Treating Diabetes in Dogs

Diabetes in dogs is usually a multifactor medical condition, characterized by high blood sugar levels (hyperglycemia) resulting from inadequate or totally absent secretion of insulin, the hormone produced and secreted by the beta cells of the pancreas which is responsible for the control of blood glucose levels, as well as for sugar uptake and use by body cells.

Hyperglycemia in dogs occurs when blood sugar (glucose) levels are higher than 130 mg/dl, although symptoms and signs appear only when a critical level of 180-220 mg/dl is reached. These are characterized by glycosuria (presence of glucose in the urine, which is normally glucose-free), polyuria (excessive production and passage of urine), polydipsia (excessive thirst) and polyfagia (excessive appetite), as well as by a number of serious metabolic alterations caused by the inability of body cells to take up and use blood glucose, which is the main fuel for the body in normal conditions. Among these metabolic complications, diabetic ketoacidosis is by far the most serious and life-threatening. This condition is characterized by a severe lowering of blood pH due to the excessive production of acids, the so called ketonic bodies, which are by-product of fat metabolism (in fact, body fat degradation in diabetic dogs increases in order to generate molecules that can replace glucose as the primary energy source for body cells).

The most frequent form of diabetes in dogs is the insulin-dependent diabetes. This means that affected dogs need to take exogenous insulin for the rest of their life to control their blood glucose levels after the irreversible destruction and functional loss of pancreas beta cells has occurred. The factors involved in the development of diabetes in dogs are many and unfortunately not all of them are clearly understood. Breed and sex predisposition, infections, drugs and diseases that antagonize the action of insulin, intestinal autoimmune diseases and pancreatitis are considered as triggering factors. At the diagnosis, most dogs are between 4-14 years of age, with a peak of prevalence at 7-9 years of age. Female dogs are affected about twice as frequently as male dogs. As regards breed predisposition, it has been observed that Pulik, Cairn Terrier and miniature Pinsher are the breeds at most risk for diabetes. Poodles, Basset Hounds, miniature Schnauzers and Beagles are frequently affected, too. On the contrary, the risk of diabetes seems to be relatively low in many common breeds of dog, such as Cocker Spaniel, German Shepherd, Collie, Pekinese, Rottweiler and Boxer.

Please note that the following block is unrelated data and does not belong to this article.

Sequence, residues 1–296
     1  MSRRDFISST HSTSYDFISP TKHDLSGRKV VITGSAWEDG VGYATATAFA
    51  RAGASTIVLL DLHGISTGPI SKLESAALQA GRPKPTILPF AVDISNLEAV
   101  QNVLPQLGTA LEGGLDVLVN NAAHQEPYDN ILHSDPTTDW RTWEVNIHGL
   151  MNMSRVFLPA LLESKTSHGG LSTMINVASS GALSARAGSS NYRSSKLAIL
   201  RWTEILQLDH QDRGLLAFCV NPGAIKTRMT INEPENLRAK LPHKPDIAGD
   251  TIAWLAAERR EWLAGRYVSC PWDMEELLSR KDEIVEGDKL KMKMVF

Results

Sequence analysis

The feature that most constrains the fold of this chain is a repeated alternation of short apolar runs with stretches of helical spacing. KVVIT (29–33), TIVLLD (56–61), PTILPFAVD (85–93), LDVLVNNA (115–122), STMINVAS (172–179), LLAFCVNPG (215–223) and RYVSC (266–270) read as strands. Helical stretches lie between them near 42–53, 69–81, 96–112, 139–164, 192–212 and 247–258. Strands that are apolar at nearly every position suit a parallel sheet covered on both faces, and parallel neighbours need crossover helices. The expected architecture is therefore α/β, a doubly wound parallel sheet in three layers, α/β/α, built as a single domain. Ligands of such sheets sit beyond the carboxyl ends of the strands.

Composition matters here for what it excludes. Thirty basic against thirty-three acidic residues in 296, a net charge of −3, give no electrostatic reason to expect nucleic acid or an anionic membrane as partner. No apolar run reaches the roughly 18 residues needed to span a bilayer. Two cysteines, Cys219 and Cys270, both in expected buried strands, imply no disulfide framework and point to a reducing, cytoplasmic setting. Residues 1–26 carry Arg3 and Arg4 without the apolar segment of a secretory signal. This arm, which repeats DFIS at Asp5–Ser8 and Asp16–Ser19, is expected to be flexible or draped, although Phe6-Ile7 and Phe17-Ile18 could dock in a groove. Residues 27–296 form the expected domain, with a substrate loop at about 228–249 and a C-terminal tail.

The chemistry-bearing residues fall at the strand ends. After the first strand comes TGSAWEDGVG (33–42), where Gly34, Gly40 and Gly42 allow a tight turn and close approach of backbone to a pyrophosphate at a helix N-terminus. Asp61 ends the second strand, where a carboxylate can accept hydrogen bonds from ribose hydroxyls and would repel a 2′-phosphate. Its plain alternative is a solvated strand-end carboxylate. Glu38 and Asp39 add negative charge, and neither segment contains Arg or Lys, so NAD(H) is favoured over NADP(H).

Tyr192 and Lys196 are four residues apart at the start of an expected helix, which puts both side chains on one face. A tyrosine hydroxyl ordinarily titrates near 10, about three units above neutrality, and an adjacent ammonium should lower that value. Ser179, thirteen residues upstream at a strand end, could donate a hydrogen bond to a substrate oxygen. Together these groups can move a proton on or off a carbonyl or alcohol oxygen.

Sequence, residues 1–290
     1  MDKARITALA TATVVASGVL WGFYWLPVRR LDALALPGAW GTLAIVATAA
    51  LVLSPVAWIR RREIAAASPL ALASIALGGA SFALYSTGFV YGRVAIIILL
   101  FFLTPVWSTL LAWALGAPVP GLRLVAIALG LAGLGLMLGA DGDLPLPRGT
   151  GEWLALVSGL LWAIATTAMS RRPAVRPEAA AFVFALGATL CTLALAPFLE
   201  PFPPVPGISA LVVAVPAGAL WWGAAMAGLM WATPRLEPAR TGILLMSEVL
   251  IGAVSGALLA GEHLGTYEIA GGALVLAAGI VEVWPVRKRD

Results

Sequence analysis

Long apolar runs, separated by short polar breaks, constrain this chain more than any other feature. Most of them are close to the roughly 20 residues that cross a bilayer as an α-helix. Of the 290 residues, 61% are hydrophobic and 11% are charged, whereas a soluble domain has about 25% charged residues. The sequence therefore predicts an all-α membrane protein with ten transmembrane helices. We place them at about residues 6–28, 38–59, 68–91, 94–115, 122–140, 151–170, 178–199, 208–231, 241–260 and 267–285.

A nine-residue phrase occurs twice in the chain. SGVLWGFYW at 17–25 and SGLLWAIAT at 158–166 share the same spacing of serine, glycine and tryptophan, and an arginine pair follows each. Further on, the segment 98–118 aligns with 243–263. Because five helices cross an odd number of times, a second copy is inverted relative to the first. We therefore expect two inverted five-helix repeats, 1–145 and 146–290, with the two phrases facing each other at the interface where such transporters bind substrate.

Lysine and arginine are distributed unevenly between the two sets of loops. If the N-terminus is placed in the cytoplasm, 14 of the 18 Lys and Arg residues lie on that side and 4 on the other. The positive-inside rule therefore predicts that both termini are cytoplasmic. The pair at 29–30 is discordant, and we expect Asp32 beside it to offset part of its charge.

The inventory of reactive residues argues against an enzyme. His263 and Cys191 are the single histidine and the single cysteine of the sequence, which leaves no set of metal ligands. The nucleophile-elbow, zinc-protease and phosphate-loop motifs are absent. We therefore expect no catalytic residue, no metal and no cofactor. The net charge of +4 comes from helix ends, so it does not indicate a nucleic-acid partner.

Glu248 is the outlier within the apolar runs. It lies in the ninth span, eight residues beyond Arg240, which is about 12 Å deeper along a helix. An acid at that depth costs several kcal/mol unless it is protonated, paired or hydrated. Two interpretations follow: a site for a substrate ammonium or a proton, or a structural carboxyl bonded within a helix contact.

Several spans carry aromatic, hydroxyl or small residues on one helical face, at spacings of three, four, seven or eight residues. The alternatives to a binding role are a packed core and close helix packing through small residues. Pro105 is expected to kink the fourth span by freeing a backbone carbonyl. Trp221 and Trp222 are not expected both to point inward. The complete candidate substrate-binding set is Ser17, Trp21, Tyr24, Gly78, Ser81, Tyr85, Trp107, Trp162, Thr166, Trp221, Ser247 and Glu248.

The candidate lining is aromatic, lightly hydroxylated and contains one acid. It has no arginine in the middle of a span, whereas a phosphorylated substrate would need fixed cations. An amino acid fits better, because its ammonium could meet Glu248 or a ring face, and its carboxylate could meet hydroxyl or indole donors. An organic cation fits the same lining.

Diagnosing Diabetes in Dogs

The diagnosis of diabetes needs to be made by a veterinarian. Dog owners may suspect diabetes if their pet shows increased urination, increased appetite and thirst, and sometimes weight loss (despite of increased appetite). However it should be underlined that these signs are not necessarily due to diabetes, since they are common to many other diseases. The definitive diagnosis is based on the demonstration of persistent fasting hyperglycemia combined with glycosuria.

The primary therapeutic goal in the management of diabetes is the removal of symptoms secondary to hyperglycemia and glycosuria. The persistence of clinical signs (increased urination, appetite and thirst) as well as the development of chronic complications (such as ketoacidosis, fatty liver, pancreatitis, cataract, bacterial infections) are directly related to the severity and duration of hyperglycemia. That is why treating diabetes in dogs is based on a tight control of hyperglycemia, which can help reduce clinical signs and prevent complications. This can be carry out by administering proper amounts of insulin, feeding the dog with the correct diet, getting the dog to do an adequate amount of exercise, and, when necessary, treating any concomitant conditions (inflammatory, infective and hormonal disorders). Which therapeutic regimen to choose depends partly on the number of functionally active beta cells in the pancreas and, of course, on the response of individual dogs to treatment.